pic: Banebots carrier plates problem & solution

Self explanitory.

To be continued… (update from Hartford Regional)

Excellent work and a rousing cheer!!! :smiley: It’s always good to hear teams solving problems on their own, especially these troubled transmissions.

ya we saw that to the problem was that a tolerance was - not + on the holes

welding has worked very well for us… those carrier pins are not going anywhere.

While welding the pins is a great idea and solution to the problem it still doesn’t help the fact of the tolerances on the gearbox aren’t great and that some teams are asking way too much of these motors. Props to 237 though on comming up with some sort of solution.


To add what I forgot to tell elgin:

  1. That picture of the pins out are of a NEW carrier plate, not the old one. The plates were installed friday morning and the gearboxes were opened that afternoon to change to a dual transmission setup. I think that comes to only 6 matches played with the new plates in.

  2. We measured the top of the hole, and the bottom of the hole. the top of the hole were the pin was allowed to move was ovaled out and .02 inch different then the bottom of the hole.

Hopefully this fix helps some of you, I would recommend taking a peak into the gearbox to see if you have this situation before it becomes a serious problem.

…wish we had access to a welder…


Hopefully there is one (or more) at your only source of repairs on site at a competition, your “FIRST approved machine shop”.

There is usually a TIG welder available at the machine shop
provided in the competition venue. The replacement parts
desk will have a bag of hardened carrier plates for teams to
swap into their transmissions. As soon as you arrive at the
pits, dispatch someone to get two carrier plates and line up
at the welding station to have the pits tacked into place.
It will only take a minute or two with the welder. You can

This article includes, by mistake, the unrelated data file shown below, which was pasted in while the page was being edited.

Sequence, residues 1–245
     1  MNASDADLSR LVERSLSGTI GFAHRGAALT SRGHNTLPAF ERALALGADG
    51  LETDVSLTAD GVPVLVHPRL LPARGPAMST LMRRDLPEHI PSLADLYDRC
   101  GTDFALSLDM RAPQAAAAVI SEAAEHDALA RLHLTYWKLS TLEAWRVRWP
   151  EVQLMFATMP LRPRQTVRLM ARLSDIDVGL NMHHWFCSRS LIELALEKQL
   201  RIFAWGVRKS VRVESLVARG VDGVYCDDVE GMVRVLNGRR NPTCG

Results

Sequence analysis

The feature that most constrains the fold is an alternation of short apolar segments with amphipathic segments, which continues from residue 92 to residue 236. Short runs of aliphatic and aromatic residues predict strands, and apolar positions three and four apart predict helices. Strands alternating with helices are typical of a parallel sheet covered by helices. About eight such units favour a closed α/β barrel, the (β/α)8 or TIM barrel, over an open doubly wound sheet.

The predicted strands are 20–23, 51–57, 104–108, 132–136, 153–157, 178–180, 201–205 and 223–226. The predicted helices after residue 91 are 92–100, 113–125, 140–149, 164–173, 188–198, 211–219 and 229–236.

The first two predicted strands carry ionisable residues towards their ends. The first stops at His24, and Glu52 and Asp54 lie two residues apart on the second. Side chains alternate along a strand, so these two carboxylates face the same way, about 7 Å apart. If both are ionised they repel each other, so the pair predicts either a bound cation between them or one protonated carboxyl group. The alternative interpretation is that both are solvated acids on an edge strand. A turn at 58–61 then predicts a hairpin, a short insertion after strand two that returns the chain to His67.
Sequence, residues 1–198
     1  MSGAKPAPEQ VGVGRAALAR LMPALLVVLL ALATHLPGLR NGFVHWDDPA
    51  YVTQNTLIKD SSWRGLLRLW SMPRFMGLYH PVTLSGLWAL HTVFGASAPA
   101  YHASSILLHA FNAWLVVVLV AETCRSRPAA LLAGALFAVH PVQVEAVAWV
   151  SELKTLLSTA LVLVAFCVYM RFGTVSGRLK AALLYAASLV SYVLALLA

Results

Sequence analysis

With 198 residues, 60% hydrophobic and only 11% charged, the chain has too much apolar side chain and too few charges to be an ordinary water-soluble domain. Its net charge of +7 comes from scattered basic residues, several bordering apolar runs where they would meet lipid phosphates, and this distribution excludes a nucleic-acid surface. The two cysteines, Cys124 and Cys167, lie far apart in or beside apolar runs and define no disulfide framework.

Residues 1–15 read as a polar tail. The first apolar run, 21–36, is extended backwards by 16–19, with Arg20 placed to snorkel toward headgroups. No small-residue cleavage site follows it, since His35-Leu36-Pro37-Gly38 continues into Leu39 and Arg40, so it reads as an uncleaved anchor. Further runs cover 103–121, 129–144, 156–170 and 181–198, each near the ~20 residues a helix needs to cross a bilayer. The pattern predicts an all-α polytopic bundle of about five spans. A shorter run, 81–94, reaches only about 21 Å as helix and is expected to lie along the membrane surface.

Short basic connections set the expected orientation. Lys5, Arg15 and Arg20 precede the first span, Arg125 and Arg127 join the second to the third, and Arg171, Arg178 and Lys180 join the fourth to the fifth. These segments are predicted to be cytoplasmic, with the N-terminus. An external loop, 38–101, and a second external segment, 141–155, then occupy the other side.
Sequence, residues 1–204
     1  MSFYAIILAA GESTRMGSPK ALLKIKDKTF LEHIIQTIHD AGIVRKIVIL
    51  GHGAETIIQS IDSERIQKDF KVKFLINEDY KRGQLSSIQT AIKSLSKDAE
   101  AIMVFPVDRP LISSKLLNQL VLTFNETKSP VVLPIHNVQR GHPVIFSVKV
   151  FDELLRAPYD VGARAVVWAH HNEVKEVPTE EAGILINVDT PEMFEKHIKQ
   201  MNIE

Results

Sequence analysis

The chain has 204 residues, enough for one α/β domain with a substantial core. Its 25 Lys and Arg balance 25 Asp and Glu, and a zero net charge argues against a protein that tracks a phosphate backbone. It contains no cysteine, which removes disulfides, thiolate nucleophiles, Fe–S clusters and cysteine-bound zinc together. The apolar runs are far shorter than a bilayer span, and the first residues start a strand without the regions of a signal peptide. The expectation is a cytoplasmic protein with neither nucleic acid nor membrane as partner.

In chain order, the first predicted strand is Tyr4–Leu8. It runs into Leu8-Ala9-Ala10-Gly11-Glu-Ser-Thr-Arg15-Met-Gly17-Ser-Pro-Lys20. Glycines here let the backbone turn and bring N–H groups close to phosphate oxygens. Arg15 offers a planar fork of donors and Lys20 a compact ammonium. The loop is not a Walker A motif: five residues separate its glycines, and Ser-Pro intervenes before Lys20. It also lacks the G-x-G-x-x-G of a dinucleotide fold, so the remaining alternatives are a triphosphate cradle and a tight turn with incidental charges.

service the gear boxes on Thursday evening before the
competition matches start.

Not a bad idea. It’ll take a few hours to pull the trannies and then the plates, deliver them to the shop - then I need to hope the shop gets them back to us in time to reassemble everything & get to inspection.

Honestly, I’m really not sure we have the time.

When the plates went in, we did check the pins really carefully, they were all a press fit.

In any case, it’s not my decision, I’m just a consultant - the students need to think this out and decide what they want to do.


Read my suggestion more carefully.


Do not run with the hardened plates without at least welding the pins. Get replacement plates and have someone wait while you’re pulling the trannies. You should be able to disassemble from the front mounting plate if you can get at all 4 retaining screws. you shouldn’t have to take out the front mounting plate/output shaft. This may simplify you changeover. Then be certain the tranny housing is pushed up square to the front mounting plate before lightly tightening the retaining screws, turn the driveline to help center the housing with the front plate and tighten screws carefully. Check that the sytem is turning easily, as any misalignment will cause binding in the gears. Good Luck!!

I really wish I knew the pins would fall out before today. We had them fall out on one drive after the third match at finger lakes.

How common is this failure?

We ran all of our seeding matches (8) and then the quarter finals with the hardened plates… that were not welded. Without any problem. We are using 4 gearboxes - one on each of our mecanum wheels.

But we have not pulled them to inspect them. Maybe we have just been lucky.

The holes on the plate were too large, and tapered, so the engagement is only about 1/3 the thickness of the plate. That coupled with the fact that the pins are shorter than the orginal, will allow them to work out toward the thrust plate, and come loose. It’s only a matter of time before they will fail without warning. Be prudent, and get a set welded at the machine shop, and replace them when you have time. We took the hardened plates, re-drilled and reamed new holes in between the original holes, and press fit proper length pins into the plates with Loctite. Until we can change them at Chesapeake, we are running the original softer plates because we can monitor the Double D hole failure by checking backlash in the drive to see if it increases.